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The Anti-Federalist Papers: Cato III

On this day in 1787, an author writing under the pseudonym “Cato” writes his third contribution to the anti-Federalist Papers. These papers argued against the new Constitution, then being considered for ratification by the states.


Can the proposed Constitution “answer the ends for which it is said to be offered to you, and for which all men engage in political society, to wit, the mutual preservation of their lives, liberties, and estates”?

Cato thinks it is impossible, due to the large size of the country. Cato, of course, was addressing a nation of thirteen states. What would he say about our much larger nation of fifty states? Cato concludes:


“[W]hoever seriously considers the immense extent of territory comprehended within the limits of the United States, together with the variety of its climates, productions, and commerce, the difference of extent, and number of inhabitants in all; the dissimilitude of interest, morals, and politics, in almost every one, will receive it as an intuitive truth, that a consolidated republican form of government therein, can never form a perfect union, establish justice, insure domestic tranquility, promote the general welfare, and secure the blessings of liberty to you and your posterity . . . .”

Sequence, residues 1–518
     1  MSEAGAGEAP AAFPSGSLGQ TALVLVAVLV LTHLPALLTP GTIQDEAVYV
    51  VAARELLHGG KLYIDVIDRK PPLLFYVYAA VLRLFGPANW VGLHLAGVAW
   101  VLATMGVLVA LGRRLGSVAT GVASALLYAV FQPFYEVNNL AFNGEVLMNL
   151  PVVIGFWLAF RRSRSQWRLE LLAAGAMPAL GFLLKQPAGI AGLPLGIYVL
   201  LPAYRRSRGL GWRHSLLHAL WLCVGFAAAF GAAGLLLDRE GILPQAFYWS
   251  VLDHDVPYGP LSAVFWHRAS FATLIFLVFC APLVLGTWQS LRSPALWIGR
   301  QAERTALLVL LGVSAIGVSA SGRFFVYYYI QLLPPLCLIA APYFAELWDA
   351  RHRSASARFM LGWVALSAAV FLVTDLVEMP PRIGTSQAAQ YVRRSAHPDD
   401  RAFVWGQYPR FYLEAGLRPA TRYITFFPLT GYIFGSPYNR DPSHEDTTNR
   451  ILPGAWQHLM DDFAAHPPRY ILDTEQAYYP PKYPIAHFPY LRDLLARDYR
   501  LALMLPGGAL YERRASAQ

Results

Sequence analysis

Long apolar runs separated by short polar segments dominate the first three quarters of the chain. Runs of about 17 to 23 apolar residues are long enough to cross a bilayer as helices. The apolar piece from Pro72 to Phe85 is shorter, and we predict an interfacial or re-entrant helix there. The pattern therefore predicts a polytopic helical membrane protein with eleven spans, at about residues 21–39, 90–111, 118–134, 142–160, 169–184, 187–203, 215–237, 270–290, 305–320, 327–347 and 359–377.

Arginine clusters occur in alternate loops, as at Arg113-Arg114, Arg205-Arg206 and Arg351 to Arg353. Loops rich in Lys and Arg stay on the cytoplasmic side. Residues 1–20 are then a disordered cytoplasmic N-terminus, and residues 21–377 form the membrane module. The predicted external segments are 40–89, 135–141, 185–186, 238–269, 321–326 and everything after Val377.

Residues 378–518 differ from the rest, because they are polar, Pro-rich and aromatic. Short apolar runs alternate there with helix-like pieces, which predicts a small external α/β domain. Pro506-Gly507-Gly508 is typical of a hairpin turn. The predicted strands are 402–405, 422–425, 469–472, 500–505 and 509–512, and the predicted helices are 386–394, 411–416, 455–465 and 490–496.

Instead, the Congress “will in its exercise, emphatically be like a house divided against itself.”


Logistically, Cato thinks such a large republic can’t work. “[T]he science of government will become intricate and perplexed,” he believes, “and too mysterious for you to understand and observe; and by which you are to be conducted into a monarchy, either limited or despotic.”


Hmm. Did he successfully predict the many tens of thousands of pages in the Federal Register?!


Practically speaking, large republics have other problems. Some portions of the country are too far from the seat of the government. They thus lack confidence in it. Without such confidence, can compliance to laws be ensured without a standing army? And will citizens in distant states care about the protection of your liberty? Cato asks his New York audience: “[Is it] reasonable to believe, that inhabitants of Georgia, or New Hampshire, will have the same obligations towards you as your own, and preside over your lives, liberties, and property, with the same care and attachment?”


Cato thinks the answer is “no.” Was he right?


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